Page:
On Aleksandrovskii Mount
In 1909 and 1910, Russian photographer Sergei Mikhailovich Prokudin-Gorskii (1863–1944) traveled extensively in the territory around the Ural Mountains, where he photographed railroad installations, factories, urban settings, and natural landscapes. In the summer of 1910 he traveled along the Samara-Zlatoust Railroad (built in 1885–90; now the Ufa-Chelyabinsk line), subsequently a link in the Trans-Siberian Railway through the southern Urals. A spur line was built between Berdiaush Station (on the main line) and the Bakal iron mines, located around 80 kilometers to the southwest. Named after the nearby Bakal River, the mine excavations were located on the western slope of Mount Irkuskan, part of the southwestern Urals in present-day Chelyabinsk Oblast. Incorrectly identified in the caption, this view looking toward the northeast was taken near Irkuskan village in the vicinity of the Bakal mines. Similar to other mountains in the area, including the nearby Ziuratkul Mountain range, Irkuskan is composed of ancient metamorphic rock with a substantial amount of quartzite. As seen here, its craggy cliffs support a variety of conifer and birch trees. Prokudin-Gorskii often photographed natural settings, both to document the local environment and the geographical diversity of the Russian Empire, and to demonstrate the richness of his color process and the range of his photographic technique. Prokudin-Gorskii used a special color photography process to create a visual record of the Russian Empire in the early 20th century. Some of his photographs date from about 1905, but the bulk of his work is from between 1909 and 1915, when, with the support of Tsar Nicholas II and the Ministry of Transportation, he undertook extended trips through many different parts of the empire.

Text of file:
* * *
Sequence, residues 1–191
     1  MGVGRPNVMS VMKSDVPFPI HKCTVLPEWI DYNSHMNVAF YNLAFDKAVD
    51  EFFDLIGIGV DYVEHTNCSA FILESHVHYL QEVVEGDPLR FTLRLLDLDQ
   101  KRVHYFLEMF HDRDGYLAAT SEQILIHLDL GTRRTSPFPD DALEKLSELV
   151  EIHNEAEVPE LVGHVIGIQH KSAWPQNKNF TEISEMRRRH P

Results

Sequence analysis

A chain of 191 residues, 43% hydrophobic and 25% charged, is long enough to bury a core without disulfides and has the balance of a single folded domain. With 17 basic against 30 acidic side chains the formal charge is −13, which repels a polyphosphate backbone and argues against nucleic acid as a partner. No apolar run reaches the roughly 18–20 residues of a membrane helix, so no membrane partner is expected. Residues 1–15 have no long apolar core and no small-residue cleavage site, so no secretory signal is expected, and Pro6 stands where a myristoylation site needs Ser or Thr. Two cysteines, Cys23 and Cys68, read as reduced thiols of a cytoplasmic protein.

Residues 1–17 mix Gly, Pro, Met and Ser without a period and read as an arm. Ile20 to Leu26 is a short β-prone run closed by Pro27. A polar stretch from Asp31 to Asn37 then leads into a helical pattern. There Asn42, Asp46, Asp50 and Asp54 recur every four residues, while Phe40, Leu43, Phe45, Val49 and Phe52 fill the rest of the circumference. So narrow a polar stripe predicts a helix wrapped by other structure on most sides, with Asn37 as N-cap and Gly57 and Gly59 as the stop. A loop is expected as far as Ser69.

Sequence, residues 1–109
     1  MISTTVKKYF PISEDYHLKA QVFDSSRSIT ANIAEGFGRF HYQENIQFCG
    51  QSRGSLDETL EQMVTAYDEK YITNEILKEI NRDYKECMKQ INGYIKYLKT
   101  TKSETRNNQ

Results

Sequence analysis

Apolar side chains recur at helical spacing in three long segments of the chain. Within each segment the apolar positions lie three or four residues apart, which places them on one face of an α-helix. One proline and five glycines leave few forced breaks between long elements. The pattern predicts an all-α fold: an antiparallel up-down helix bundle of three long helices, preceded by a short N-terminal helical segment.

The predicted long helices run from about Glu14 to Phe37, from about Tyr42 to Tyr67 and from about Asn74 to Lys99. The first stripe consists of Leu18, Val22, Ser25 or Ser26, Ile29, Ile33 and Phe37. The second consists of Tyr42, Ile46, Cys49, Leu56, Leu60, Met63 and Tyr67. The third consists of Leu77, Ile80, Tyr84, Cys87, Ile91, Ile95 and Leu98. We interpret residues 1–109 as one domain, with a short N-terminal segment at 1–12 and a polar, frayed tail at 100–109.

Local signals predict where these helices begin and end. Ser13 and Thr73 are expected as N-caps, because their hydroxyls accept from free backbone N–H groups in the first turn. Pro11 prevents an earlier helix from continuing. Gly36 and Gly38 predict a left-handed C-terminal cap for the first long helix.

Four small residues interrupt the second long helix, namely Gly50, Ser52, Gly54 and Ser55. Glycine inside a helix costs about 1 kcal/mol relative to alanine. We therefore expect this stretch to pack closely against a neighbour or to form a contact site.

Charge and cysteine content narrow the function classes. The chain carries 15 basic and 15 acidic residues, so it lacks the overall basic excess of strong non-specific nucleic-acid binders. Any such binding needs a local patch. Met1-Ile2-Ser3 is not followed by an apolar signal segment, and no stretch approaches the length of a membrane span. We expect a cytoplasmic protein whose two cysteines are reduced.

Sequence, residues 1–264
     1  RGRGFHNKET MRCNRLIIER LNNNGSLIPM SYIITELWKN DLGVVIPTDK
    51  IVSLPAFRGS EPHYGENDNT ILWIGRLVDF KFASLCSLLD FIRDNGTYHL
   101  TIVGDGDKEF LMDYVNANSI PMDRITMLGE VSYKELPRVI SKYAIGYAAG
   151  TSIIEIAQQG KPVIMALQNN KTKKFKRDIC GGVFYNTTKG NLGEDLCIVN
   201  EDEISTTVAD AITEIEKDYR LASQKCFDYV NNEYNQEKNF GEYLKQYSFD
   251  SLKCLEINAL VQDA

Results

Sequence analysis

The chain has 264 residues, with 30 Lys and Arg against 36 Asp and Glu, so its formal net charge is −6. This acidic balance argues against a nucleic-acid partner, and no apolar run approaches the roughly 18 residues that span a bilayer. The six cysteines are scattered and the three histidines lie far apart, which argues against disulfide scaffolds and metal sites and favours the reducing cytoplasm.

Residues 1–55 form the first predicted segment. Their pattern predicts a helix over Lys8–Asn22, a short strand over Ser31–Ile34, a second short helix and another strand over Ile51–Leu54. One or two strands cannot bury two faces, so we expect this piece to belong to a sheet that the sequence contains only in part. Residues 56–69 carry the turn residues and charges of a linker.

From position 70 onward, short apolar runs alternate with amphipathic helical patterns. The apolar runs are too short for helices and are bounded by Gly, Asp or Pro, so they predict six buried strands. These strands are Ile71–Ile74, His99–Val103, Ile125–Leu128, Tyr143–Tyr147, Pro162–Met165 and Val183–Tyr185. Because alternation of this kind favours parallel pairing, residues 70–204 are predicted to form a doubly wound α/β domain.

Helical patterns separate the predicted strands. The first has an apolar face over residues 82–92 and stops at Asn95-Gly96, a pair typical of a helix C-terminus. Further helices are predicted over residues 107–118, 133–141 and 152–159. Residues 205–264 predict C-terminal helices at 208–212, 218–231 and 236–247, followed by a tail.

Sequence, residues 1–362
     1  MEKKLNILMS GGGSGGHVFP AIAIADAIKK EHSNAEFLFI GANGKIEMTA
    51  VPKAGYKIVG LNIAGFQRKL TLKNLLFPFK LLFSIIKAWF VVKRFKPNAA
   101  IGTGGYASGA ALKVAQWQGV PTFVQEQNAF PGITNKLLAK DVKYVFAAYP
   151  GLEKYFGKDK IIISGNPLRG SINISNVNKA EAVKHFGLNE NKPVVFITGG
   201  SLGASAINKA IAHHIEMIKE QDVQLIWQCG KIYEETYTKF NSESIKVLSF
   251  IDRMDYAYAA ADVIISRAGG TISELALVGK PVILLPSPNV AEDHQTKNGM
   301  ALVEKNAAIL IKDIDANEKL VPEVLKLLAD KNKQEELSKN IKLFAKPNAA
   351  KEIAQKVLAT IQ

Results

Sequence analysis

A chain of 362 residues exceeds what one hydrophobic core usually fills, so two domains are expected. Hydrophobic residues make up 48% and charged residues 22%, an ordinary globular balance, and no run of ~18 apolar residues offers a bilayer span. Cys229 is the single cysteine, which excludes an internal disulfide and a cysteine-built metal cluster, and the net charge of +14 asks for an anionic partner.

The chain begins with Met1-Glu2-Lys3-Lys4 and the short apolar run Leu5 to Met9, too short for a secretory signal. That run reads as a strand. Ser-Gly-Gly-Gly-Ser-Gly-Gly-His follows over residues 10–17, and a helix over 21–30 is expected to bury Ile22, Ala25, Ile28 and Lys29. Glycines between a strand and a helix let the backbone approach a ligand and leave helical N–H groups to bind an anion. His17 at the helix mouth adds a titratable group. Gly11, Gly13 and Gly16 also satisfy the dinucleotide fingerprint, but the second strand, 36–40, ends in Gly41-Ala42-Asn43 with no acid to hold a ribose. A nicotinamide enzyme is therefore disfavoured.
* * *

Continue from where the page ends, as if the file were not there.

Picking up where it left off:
Title in Original Language
На Александровской сопке
Type of Item
Glass negative (presented as a digital color composite)
- Prokudin-Gorskii’s photographic work survives primarily in two forms: 1,901 black-and-white triple-frame glass plate negatives, made with color separation filters, which Prokudin-Gorskii used to make color prints and lantern slides; and 12 albums of sepia-tone prints, made from the glass negatives, which Prokudin-Gorskii compiled as a record of his travels and studies. The Library of Congress purchased the glass plate negatives and the albums from the Prokudin-Gorskii family in 1948. In 2004, the Library of Congress had digital color composites made from all the surviving glass negatives using a software algorithm to automatically align the color components. As with most historical photographs, title and subject identifications are corrected and enhanced through new research. Current information on the collection is at http://www.loc.gov/pictures/collection/prok/.
Last updated: September 28, 2016